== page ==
Post 'class apart' in press awards
The South China Morning Post was last night named one of Asia's best newspapers by the region's leading newspaper organisation, adding to a string of more than 40 accolades the paper has received this year.
The Post was voted runner-up as Newspaper of the Year by the Pacific Area Newspaper Publishers' Association (Panpa).
The paper's entry emphasised our design changes in March that have aimed to bring readers a cleaner and more accessible look, making it more dynamic and well-structured, as well as focusing on our in-depth coverage of Greater China and international news and analysis.
Judges also honoured the Post with three other first-class awards in its category of daily newspaper with a 50,000-plus circulation. There was one win in each of the contest's two technical categories for printing quality, and a top award for sports photography.
Post editor C.K. Lau said of the awards: 'They are a recognition of our high standards on many fronts and a tribute to the contributions of past and present colleagues in making the Post a great newspaper.'
It is the fourth year running that judges have recognised the Post's pre-eminence in printing, with first prize for overall technical excellence in newspaper printing on a double-width press, and the seventh award in eight years for technical excellence in printing a supplement section on a double-width press.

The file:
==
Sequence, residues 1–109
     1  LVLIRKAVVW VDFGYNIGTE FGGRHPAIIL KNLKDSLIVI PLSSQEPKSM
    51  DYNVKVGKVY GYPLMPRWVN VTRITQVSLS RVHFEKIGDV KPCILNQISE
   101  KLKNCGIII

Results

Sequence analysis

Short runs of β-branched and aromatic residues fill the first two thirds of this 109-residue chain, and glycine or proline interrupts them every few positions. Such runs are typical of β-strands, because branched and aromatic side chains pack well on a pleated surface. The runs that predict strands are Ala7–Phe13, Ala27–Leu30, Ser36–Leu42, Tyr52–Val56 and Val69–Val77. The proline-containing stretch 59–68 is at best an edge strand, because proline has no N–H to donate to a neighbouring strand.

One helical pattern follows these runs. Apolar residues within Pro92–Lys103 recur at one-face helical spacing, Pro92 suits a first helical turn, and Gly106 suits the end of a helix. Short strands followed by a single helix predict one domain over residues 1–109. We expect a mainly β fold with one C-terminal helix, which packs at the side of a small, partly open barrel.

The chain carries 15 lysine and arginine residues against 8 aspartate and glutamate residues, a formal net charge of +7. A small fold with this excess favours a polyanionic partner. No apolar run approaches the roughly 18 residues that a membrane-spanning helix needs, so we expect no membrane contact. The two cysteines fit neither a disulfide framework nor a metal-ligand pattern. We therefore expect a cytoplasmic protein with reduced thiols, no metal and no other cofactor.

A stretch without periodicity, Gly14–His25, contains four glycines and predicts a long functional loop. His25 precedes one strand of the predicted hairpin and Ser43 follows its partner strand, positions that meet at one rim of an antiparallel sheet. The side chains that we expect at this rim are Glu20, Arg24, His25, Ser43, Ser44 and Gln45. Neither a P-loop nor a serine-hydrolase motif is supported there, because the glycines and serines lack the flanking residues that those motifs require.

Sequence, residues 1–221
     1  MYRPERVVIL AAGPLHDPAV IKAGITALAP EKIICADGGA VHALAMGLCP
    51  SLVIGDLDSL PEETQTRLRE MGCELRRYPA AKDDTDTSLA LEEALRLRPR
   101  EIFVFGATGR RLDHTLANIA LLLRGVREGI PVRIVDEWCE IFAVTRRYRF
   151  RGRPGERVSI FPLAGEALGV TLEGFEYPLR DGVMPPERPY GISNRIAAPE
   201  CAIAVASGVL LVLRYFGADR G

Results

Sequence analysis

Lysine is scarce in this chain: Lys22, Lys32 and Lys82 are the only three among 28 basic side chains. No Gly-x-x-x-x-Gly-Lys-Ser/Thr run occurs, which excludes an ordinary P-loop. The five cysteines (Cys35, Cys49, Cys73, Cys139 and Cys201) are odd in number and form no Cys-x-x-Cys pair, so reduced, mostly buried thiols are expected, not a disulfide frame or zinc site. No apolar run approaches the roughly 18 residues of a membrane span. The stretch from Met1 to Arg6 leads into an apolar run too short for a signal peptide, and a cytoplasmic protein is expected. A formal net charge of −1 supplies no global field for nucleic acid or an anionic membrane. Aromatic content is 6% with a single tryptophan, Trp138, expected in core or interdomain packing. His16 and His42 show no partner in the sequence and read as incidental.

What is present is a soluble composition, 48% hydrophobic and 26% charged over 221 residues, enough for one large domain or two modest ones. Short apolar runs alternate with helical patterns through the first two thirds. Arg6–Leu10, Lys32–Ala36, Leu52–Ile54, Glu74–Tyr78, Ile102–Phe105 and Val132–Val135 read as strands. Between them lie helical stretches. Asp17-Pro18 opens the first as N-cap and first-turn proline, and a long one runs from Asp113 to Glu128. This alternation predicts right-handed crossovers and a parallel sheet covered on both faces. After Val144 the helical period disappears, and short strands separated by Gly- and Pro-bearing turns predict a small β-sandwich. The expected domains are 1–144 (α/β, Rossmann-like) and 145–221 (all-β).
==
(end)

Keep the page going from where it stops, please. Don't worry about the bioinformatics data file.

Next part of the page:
One judge said the Post had been 'a class apart, and should be thoroughly proud' of the quality of printing it gives readers.
It is also the Post's second photography award in a row, following a merit award last year. This year's win was for a dramatic action shot by veteran Post photographer K.Y. Cheng at the Hong Kong Rugby Sevens in March, showing Simione Saravanua of Fiji eluding Scottish tacklers in the quarter-finals.
Panpa is the biggest industry association in the Asia-Pacific, with nearly 200 newspaper groups as members.
This year's awards were presented last night at the annual conference in Melbourne.
Winner of Newspaper of the Year was Melbourne daily The Age.